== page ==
Recently, a jury in Dallas, Texas ordered Facebook Inc.’s subsidiary Oculus, and other related defendants, to pay $500 million to ZeniMax Media, Inc. (the company who owns video game franchises, such as The Elder Scrolls and Fallout). ZeniMax sued Facebook and Oculus, over allegations that Oculus co-founder Palmer Luckey and chief technology officer John Carmack had stolen and used ZeniMax intellectual property for use in developing Oculus’s Rift Virtual Reality (VR) headset.
How did Facebook get the Confidential Information in the First Place?
ZeniMax alleged that Oculus developed Rift using software code owned by ZeniMax, which was developed by John Carmack while he was working for a subsidiary of ZeniMax, previously. Carmack, who is well-known for his work in developing games such as Quake and Doom, worked for id Software, LLC when it was acquired by ZeniMax. Carmack left ZeniMax in 2013 to join Oculus, and Facebook bought Oculus for $2 billion in 2014.
While he was still employed with ZeniMax, Carmack agreed to discuss his work with Luckey, who was required to sign a nondisclosure agreement (NDA) prior to Carmack’s disclosure. Companies use NDAs to ensure that confidential information and trade secrets remain confidential after disclosure to an outside party, and prohibit the recipient of confidential information from using or disclosing any information that they receive. In plain English, an NDA is an agreement that you will keep a secret and not use the information competitively (we write these often). ZeniMax alleged that Luckey breached the NDA by taking ZeniMax’s trade secrets and copyrighted software, using it without permission, and disclosing that protected and proprietary information to Facebook.
How did the Trial Go?
Facebook CEO, Mark Zuckerberg, testified (in a lawsuit, no less) that Oculus did not incorporate any of ZeniMax’s proprietary code into the creation of Rift, and that ZeniMax was trying to make a cash grab, in response to Facebook’s $2 billion acquisition of Oculus. Trial transcripts reflected that Facebook’s acquisition of Oculus was negotiated over the course of one weekend. This created a question of whether Facebook conducted adequate due diligence related to Oculus’s legal obligations, particularly the NDA that Luckey signed with Carmack. Unfortunately, this exposed Facebook to the risk of legal claims, such as those asserted by ZeniMax.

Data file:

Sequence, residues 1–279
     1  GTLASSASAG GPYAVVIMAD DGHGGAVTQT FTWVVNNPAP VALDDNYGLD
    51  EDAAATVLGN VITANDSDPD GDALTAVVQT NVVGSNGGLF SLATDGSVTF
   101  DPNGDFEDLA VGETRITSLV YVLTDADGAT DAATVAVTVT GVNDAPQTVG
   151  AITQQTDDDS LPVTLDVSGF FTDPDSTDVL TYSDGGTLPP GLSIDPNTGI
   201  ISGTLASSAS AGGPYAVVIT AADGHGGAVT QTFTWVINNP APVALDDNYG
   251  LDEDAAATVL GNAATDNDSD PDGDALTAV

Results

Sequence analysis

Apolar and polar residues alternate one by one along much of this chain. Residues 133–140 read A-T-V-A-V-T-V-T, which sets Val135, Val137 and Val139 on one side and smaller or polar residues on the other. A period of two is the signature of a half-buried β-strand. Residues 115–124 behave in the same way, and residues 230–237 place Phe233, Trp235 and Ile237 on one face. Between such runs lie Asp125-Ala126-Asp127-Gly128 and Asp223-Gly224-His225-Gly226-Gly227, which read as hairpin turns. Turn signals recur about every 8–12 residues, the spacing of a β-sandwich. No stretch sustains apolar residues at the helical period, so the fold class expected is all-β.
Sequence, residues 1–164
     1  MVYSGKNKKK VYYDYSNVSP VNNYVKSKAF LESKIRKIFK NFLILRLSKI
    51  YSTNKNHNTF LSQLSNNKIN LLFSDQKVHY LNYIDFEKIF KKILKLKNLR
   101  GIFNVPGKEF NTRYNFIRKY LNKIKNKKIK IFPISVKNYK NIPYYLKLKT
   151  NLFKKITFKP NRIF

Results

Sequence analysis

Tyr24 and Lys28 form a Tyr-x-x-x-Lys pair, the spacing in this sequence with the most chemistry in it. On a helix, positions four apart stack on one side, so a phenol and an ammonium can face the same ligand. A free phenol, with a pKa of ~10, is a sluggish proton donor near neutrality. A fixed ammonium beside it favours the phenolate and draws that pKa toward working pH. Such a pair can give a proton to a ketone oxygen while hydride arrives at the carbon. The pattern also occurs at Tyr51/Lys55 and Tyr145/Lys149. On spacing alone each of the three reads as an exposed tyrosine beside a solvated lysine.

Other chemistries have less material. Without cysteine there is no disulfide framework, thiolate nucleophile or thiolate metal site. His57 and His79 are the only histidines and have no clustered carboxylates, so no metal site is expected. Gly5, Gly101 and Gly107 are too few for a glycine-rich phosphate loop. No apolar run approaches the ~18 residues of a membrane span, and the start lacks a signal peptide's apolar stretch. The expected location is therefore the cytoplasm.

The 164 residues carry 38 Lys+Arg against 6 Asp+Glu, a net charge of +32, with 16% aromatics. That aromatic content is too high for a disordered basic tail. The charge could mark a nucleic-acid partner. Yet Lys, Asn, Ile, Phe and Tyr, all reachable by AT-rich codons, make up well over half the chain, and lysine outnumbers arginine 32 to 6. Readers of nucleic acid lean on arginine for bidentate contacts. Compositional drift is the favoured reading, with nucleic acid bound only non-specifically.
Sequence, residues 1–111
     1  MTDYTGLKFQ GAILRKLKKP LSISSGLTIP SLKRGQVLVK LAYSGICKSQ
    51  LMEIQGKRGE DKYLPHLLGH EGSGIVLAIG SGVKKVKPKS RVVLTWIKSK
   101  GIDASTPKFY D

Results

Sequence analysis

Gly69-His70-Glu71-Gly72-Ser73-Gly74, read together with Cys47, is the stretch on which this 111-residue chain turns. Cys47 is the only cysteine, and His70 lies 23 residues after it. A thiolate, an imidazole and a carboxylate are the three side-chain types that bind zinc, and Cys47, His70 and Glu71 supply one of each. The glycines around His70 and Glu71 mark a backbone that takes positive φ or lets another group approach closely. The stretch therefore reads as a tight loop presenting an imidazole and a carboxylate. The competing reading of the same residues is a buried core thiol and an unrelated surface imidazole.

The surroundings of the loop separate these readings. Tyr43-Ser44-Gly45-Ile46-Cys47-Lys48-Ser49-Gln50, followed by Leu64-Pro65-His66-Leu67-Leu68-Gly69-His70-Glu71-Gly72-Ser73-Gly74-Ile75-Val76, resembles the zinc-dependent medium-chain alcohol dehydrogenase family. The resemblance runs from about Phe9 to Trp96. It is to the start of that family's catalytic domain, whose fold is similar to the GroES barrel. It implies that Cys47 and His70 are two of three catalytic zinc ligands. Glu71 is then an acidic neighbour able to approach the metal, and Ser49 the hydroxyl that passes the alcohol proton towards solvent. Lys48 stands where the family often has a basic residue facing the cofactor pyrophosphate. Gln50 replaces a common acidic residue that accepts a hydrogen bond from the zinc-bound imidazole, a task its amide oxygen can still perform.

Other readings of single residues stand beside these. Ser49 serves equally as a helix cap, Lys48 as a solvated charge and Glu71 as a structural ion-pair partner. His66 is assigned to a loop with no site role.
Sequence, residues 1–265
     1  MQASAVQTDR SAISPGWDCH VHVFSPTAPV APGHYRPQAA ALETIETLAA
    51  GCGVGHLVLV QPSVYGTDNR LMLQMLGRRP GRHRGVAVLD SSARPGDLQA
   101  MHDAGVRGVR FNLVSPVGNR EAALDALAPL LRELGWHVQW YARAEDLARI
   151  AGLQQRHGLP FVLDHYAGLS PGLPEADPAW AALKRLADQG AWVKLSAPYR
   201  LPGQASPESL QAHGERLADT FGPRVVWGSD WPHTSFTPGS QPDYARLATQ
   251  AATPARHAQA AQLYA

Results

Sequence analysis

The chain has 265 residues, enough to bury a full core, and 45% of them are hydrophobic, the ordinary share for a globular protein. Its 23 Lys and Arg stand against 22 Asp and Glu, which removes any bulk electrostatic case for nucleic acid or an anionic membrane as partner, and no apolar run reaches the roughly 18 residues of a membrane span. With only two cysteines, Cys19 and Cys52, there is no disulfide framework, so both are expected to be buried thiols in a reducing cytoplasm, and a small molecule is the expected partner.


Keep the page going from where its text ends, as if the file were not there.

Although the jury found that none of the defendants misappropriated ZeniMax’s trade secrets, the jury did find that Oculus’ use of Zenimax’s code infringed on ZeniMax’s copyright and found Oculus to be liable for their breach of the NDA that Luckey signed with Carmack, while Carmack was still working for ZeniMax. Oculus was ordered to pay Zenimax $200 million for violating the NDA, $50 million for copyright infringement, and $50 million for “false designation of origin” (or misrepresentation of who actually developed the software). In addition, Lucky must pay Zenimax $50 million and Brendan Iribe (Oculus’ other co-founder) must pay Zenimax $150 million for false designation of origin.
In a statement following the ruling, a spokesperson for Oculus said the company plans to appeal, because…
“The heart of this case was about whether Oculus stole ZeniMax’s trade secrets, and the jury found decisively in our favor…We’re obviously disappointed by a few other aspects of today’s verdict, but we are undeterred. Oculus products are built with Oculus technology.”
How can Companies Avoid these types of Lawsuits?
This ruling illustrates the need for a knowledgeable business attorney in drafting and assisting businesses with strong NDAs. Furthermore, it demonstrates the need to adequately protect copyrights and other intellectual property from disclosure and misuse by third parties. Lastly, it clarifies the importance of conducting thorough due diligence in the process of purchasing another business.
If you have any questions about drafting a new NDA or about the restrictions in a current NDA, copyright and intellectual protection, or conducting due diligence, please do not hesitate to contact Sparks Law.
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